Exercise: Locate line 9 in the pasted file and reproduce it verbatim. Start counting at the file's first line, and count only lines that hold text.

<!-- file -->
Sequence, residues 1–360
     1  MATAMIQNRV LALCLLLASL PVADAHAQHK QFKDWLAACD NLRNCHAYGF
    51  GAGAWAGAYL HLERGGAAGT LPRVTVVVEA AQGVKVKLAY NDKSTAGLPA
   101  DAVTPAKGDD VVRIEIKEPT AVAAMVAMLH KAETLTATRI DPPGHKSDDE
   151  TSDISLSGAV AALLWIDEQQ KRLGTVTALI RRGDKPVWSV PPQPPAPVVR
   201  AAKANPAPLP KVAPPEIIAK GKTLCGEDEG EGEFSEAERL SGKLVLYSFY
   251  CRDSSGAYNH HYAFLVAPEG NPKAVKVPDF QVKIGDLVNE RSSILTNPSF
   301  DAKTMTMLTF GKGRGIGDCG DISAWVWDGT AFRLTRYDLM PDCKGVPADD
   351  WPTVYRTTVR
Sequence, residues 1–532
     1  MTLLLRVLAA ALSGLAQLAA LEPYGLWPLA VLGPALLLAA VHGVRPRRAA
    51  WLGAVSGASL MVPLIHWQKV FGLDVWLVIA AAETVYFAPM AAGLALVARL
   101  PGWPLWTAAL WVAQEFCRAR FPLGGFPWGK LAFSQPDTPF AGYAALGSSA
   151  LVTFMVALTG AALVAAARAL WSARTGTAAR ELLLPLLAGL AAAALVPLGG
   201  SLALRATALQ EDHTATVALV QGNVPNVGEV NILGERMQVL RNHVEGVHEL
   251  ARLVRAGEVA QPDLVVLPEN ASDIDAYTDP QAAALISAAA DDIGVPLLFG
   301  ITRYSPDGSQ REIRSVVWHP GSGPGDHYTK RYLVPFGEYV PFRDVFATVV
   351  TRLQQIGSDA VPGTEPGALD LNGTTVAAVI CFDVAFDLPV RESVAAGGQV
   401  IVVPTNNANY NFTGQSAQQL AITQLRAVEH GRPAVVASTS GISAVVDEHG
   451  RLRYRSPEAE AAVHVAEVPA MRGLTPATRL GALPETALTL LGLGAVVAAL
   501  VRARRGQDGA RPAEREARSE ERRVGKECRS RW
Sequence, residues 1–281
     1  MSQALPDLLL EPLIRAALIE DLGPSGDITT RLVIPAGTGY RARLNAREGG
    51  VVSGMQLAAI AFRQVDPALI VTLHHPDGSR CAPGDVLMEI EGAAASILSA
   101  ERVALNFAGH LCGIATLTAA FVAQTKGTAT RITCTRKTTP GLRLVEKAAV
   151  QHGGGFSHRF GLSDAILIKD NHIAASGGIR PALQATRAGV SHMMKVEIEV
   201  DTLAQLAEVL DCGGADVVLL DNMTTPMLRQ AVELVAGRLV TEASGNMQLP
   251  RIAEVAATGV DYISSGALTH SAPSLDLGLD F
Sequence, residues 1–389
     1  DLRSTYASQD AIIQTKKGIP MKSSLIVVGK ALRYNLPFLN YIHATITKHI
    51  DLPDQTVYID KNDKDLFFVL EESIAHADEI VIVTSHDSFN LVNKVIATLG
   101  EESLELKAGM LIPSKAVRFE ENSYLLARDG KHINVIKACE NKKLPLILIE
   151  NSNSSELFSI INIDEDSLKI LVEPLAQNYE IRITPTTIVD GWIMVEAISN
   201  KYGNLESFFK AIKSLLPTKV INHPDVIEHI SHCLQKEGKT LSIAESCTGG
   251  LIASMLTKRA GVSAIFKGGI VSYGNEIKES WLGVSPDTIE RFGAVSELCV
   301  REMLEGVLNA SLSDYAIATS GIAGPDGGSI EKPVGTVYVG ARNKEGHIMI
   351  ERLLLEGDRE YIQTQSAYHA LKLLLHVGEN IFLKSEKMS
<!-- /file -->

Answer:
   351  WPTVYRTTVR